UFO hoax exposures: too little, too late?
The rush to expose long-time, classic UFO events as hoaxes is in full swing.
Kevin Randle’s blog is thrashing about with the (in)famous 1958 Trindade Island photos that once were considered by almost all UFO researchers as authentic.
The Heflin photos have been declared fraudulent.
Roswell is on the cusp of hoax, seen as a misidentified balloon crash by many, and exacerbated by the UFO old-timers who’ve committed themselves to the Roswell extraterrestrial myth and can’t accept their long-time duncery.
The next UFO episode that will be labeled a hoax is Brentwaters, the 1980 Rendlesham UFO incident.
A new book about George Adamski -- George Adamski: A Herald for the Space Brothers – is trying to resurrect and revise the stature of the ultimate UFO hoaxer.
The Socorro/Zamora sighting of 1964 is rife with the patina of hoax. [See Anthony Bragalia’s pieces about the sighting at this blog and others.]
But UFOs, themselves, are a phenomenal fact. The evidence is overwhelming, and some of us have experienced the phenomenon, first-hand, so we know that it is a real phenomenon, even though we have no idea as to what they are or what they represent.
But the orgy to disclose the plethora of UFO sightings and episodes that are now known to be frauds undermines any attempts by legitimate societal agencies (media, science, academia) to look into the phenomenon.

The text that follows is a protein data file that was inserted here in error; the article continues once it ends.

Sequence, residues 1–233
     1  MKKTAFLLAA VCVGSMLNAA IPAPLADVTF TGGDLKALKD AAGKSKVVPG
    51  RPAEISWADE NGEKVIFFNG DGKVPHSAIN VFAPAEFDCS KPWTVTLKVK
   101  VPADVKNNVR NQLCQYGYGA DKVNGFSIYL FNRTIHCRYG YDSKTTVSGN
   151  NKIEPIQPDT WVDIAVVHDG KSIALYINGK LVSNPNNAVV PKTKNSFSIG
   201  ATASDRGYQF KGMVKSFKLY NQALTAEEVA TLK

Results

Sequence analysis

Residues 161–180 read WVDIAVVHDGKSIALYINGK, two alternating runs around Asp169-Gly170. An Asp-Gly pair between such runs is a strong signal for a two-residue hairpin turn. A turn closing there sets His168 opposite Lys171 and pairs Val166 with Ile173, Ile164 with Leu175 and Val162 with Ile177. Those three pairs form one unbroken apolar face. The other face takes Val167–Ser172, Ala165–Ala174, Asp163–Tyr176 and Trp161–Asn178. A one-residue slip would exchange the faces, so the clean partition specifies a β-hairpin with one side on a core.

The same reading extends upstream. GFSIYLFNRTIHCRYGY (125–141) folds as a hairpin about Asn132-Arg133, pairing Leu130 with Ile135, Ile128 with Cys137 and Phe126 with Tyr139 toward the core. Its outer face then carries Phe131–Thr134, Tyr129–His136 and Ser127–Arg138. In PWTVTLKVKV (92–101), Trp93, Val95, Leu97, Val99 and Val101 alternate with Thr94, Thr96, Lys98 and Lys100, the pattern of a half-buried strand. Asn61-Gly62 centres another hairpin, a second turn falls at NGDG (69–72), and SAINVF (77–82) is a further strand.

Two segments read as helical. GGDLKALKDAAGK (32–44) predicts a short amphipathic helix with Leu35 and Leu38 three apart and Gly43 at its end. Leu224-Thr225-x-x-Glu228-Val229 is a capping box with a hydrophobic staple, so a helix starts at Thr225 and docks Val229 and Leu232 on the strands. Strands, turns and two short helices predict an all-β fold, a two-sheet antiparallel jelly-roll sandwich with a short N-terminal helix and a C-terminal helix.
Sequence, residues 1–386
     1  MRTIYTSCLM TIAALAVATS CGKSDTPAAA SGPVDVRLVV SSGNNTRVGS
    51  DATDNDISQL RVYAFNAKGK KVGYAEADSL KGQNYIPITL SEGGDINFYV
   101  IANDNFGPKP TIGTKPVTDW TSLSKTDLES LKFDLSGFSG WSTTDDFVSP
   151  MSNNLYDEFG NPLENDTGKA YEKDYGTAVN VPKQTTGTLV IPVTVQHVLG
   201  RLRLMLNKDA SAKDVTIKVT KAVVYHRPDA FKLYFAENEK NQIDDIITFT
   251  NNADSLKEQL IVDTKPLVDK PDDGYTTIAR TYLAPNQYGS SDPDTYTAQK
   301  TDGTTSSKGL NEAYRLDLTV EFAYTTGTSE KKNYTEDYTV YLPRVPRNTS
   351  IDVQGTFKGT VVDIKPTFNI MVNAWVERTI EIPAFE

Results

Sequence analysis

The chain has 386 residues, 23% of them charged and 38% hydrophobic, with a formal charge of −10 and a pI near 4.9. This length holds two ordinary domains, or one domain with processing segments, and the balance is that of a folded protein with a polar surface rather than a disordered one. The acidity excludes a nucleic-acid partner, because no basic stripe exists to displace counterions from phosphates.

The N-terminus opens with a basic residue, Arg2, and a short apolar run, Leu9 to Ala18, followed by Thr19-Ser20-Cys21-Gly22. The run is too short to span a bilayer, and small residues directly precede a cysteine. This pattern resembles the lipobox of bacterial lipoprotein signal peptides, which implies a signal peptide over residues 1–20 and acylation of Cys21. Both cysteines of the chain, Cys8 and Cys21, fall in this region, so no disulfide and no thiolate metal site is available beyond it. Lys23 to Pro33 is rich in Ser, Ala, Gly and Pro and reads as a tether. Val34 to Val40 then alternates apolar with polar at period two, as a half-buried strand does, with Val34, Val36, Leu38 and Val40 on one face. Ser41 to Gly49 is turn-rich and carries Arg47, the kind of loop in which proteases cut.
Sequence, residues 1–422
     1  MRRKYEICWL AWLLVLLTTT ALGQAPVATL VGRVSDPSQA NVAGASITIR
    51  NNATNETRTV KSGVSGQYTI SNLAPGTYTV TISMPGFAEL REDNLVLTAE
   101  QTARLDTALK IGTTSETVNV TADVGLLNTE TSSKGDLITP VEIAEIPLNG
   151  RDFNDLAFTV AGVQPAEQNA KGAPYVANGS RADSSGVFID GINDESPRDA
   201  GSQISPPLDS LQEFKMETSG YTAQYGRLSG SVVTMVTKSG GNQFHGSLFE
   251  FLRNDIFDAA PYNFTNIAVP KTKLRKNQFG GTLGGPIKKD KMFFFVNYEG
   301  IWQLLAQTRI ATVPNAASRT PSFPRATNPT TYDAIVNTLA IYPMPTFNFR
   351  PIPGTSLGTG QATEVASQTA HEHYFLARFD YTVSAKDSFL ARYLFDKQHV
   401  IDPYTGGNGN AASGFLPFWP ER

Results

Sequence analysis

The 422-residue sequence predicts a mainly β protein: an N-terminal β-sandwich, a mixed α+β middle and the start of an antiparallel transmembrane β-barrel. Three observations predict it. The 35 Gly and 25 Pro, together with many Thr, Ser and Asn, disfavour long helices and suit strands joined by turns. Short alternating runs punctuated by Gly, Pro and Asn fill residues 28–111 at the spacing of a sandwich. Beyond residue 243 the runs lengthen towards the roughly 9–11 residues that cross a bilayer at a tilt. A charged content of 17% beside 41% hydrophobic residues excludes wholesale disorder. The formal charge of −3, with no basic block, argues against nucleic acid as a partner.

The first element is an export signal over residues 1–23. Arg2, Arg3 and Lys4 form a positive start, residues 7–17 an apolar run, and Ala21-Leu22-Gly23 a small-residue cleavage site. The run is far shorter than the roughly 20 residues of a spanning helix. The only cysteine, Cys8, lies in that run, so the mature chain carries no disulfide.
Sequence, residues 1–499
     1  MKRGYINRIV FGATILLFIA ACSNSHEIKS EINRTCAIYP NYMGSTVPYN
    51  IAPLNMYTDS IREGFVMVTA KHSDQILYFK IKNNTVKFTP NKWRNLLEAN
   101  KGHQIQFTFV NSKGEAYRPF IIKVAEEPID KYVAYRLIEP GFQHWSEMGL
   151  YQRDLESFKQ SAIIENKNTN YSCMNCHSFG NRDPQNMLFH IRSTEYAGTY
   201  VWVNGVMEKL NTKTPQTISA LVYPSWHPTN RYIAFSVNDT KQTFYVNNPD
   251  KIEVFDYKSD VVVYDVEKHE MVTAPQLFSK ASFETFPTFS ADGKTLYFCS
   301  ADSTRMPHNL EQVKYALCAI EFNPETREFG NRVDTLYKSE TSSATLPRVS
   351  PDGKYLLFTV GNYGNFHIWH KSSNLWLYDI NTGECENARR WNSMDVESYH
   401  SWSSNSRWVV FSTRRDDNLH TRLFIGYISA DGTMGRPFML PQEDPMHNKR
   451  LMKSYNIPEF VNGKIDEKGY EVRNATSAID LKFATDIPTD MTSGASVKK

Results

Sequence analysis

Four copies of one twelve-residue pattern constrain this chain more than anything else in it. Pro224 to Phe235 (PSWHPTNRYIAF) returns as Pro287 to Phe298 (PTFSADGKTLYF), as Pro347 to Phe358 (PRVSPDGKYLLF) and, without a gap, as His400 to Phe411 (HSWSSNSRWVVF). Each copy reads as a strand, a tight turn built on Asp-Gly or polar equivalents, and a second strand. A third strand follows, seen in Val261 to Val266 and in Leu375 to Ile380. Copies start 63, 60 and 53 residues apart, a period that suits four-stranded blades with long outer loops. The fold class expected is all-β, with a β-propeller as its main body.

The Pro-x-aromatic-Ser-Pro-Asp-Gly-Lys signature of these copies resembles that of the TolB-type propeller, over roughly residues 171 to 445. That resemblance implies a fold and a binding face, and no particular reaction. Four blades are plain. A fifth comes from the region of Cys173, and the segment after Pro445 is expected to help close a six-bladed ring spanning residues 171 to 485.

What serious construct would take on a topic that is rife with fraud or hoaxes? The effort to separate the wheat from the chaff is daunting.
Jerome Clark, who usually gets the rubric as the noted UFO historian, has all but recused himself from the subject, unresting his laurels once in a while only at the UFO gathering place for ufology’s has-beens and quidnuncs: UFO UpDates.
Kevin Randle is trying mightily to re-connect with sanity by his recent blogified mea cupals for all those UFO and flying saucer accounts he once extolled as authentic but now prove to be fake.
The “art” of ufology is under attack, by members within it own ranks, joined by the ongoing and overwhelming feeling of serious phenomenal investigators who have always felt that UFOs are a matter for psychiatrists and those who fill their boring, unpro- ductive lives with fantasy and a need to garner attention to themselves.
Some UFO events need further investigation. But the surging efforts of some well-known ufologists to separate themselves from sightings they once touted as real and a proof for extraterrestrial visitation will only muddy the UFO waters again.
And what true UFO aficionado wants that?